If you’ve got a big idea that is short on money, crowdfunding is an attractive option for putting your plans into motion. Managing a successful crowdfunding campaign isn’t rocket science. The key to successful crowdfunding is to expand on these simple tips for raising money that other campaigns have employed to create strategies that are simple, yet, unique to your cause.   

Define a goal

Now that you’ve chosen crowdfunding to raise money, the first step is to define a fundraising goal. In other words, a clear and concise statement that expresses why donors should be compelled to contribute to your cause.

Set a deadline

Deadlines enable you and donors to chart the progress of a fundraising campaign and ensure that you will follow through on promised objectives. Establishing a set time to reach a certain amount of money also creates a sense of urgency for donors to give now, rather than later.

Identify a crowdfunding platform

Unlike other crowdfunding platforms, YouHelp.com is free. The popular website pushes ideas into motion by offering the best in crowdfunding capabilities to individuals and forward-thinking organizations that want to connect their campaigns to the public.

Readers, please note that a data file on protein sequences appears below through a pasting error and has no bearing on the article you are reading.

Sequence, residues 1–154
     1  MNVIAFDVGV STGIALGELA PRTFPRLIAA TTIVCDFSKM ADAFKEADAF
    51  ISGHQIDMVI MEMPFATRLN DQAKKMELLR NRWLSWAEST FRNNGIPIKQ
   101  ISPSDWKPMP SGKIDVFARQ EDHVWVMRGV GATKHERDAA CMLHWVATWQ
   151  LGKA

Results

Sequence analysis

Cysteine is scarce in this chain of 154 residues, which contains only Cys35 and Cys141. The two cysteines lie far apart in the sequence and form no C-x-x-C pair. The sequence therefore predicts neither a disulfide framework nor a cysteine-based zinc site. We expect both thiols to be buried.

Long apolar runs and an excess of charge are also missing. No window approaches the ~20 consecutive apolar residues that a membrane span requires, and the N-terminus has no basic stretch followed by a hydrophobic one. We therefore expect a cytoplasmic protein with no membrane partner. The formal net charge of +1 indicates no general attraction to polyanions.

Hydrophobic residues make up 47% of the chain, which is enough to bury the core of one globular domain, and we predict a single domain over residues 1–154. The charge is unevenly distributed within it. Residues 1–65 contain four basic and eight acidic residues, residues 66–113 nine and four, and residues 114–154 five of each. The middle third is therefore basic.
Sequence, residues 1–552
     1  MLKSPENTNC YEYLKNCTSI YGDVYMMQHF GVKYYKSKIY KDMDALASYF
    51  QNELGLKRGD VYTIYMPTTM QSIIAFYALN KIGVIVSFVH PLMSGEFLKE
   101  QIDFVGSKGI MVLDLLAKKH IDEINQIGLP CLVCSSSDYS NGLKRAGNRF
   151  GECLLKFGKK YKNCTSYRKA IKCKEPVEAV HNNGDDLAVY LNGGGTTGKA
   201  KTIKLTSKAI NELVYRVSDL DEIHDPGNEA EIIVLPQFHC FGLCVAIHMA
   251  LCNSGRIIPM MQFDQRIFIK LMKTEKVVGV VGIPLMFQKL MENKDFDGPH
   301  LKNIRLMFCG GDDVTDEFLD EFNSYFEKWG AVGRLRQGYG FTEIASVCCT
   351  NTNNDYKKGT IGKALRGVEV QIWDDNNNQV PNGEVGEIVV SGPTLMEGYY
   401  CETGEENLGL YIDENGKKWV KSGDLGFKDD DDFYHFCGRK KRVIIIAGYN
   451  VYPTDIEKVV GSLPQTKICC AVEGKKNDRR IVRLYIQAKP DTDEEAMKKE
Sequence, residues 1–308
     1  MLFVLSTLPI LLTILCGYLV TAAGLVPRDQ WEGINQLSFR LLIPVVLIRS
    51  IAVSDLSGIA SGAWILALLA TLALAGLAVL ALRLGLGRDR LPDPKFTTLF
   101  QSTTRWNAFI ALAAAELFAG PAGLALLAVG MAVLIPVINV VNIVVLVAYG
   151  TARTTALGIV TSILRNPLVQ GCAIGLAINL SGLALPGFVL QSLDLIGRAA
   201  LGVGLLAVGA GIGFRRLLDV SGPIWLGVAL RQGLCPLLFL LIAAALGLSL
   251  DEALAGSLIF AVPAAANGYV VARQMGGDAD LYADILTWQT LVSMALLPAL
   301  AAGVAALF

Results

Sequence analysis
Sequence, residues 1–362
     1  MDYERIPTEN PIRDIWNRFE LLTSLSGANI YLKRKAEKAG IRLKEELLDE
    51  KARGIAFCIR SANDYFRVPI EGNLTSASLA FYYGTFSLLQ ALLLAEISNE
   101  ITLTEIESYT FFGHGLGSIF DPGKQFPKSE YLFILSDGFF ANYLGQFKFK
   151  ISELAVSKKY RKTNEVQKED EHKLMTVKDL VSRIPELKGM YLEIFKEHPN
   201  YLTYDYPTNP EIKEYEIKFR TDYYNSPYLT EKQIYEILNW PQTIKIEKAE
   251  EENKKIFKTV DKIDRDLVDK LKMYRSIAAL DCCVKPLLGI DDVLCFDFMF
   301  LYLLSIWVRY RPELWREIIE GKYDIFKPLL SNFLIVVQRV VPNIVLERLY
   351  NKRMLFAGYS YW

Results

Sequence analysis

With a couple of keystrokes and a click of the mouse, anyone who chooses to launch a free crowdfunding campaign on YouHelp can connect to We-Pay, a payment processing platform, and receive donations instantly. This way, YouHelp customers can direct their energies to where they belong – promoting their crowdfunding campaigns.

What’s Your Story? Tell It

Storytelling inspires donors to give. Your message should speak directly to the passions and values of the audience you have targeted to illustrate what you hope to achieve. You can tell your story in text and video, on YouHelp.

Spread the Word

Start with family, friends and colleagues from work. Once a campaign begins to generate some backing, unrelated contributors will step forward to support causes they believe in.

Social media is an effective tool for expanding your donor base. Twitter and Facebook are among the social media channels that should already be firmly established before launching a campaign. Once your campaign has begun on YouHelp.com, organizers should share donations and comments from contributors to inspire potential donors to commit.

Passing your campaign along to local business and media is always a good method for gaining cost-effective recognition or consider holding an event to promote your cause and generate contributions.

Be Grateful

Donations to your cause are just the beginning of a relationship. Show your appreciation and strengthen new connections by sending a personalized thank-you message to your donors.

YouHelp.com is a free crowdfunding website that enables individuals, nonprofit organizations, entrepreneurs and small businesses to increase their opportunities for success by safely showcasing their projects, ventures and ideas to a pool of potential investors and donors throughout the world. The process is simple: create a profile, a fundraising goal, and compelling message that prospects will find worthwhile — and launch. If the idea is deserving, people will pledge their support.


About the Author: Staff Writer for YouHelp.com

In Women We Trust: Are Female Business Owners Better at Crowdfunding Than Men?